Rachel Coloyan screamed one morning in February 2016 as her body began to shake. Coloyan, then 23, started having seizures that month, but the cause remained a frightening conundrum that blood tests, MRIs, CT scans, and a team of physicians had failed to unlock. Before the mysterious condition began, Coloyan, a Florida native, had loved horseback riding, hiking, and traveling. That all changed in 2012, as she was preparing for her second year of pre-med studies at the University of West Florida in Pensacola. When climbing a flight of stairs, she was struck with overwhelming dizziness. “From that day on,” Coloyan says, “I was never the same person.” She began “blacking out,” racing out of classes to vomit, and dragging a chair into the shower to avoid prolonged standing. Eventually, her mobility diminished so much that she had to move in with her parents so they could care for her. “Thousands of dollars in medical bills later, no one could tell me what was happening,” she says.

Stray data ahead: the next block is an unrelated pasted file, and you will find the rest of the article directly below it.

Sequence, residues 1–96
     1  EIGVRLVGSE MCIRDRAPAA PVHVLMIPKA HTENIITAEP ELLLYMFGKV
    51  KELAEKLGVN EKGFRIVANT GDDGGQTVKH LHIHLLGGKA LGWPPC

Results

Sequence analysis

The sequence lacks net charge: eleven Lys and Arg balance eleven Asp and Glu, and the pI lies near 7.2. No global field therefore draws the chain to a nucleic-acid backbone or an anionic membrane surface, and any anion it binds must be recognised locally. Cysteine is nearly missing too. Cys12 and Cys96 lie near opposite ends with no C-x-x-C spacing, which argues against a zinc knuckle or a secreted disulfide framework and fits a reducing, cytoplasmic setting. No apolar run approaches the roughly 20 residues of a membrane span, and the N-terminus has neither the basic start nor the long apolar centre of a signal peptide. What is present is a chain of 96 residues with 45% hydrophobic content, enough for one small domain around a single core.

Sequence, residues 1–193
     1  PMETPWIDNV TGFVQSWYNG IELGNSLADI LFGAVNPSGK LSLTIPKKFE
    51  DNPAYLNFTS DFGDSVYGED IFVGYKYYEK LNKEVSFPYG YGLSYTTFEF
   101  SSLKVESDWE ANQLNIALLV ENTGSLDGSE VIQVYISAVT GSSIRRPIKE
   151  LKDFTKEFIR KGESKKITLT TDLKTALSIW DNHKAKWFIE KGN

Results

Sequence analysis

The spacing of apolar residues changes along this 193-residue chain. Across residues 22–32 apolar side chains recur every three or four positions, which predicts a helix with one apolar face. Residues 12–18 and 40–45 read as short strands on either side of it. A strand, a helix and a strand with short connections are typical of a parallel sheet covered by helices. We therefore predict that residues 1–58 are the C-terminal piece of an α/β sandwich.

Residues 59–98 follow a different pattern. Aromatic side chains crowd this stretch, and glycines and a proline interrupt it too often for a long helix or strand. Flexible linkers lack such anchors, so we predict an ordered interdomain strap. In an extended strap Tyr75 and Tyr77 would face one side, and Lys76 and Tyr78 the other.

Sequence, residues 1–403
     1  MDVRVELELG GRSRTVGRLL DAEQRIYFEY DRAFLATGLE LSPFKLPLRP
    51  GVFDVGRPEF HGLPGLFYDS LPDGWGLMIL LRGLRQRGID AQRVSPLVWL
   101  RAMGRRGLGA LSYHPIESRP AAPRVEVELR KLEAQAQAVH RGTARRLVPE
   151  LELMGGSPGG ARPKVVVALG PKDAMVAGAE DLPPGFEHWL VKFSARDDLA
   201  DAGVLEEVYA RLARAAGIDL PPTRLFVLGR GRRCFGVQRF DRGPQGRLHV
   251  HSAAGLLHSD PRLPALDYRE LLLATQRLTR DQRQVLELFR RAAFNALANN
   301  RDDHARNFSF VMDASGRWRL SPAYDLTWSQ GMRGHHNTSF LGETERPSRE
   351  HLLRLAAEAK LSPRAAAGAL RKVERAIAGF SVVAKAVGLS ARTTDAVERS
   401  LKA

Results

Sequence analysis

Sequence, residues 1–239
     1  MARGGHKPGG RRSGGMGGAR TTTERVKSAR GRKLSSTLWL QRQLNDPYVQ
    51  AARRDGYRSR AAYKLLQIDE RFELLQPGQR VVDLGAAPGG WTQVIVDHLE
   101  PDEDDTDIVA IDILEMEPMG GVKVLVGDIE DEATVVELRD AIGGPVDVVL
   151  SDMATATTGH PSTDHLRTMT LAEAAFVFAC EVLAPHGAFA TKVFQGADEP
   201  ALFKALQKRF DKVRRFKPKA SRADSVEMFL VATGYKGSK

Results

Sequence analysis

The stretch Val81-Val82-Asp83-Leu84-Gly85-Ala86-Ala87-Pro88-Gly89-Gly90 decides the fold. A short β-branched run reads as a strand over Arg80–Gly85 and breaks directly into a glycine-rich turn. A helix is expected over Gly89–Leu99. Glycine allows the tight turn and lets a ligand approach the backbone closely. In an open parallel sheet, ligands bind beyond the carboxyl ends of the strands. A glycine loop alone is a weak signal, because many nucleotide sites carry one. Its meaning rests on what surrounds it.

The turning point came in the summer of 2016 when Coloyan discovered a Facebook group full of women with whom she shared two common denominators: They were all sick—in fact, they had remarkably similar symptoms—and they all had breast implants. All along, Coloyan had thought she was alone in her suffering, but here were thousands of women gripped by the same maddening chokehold. “I’d been desperate for answers for so long,&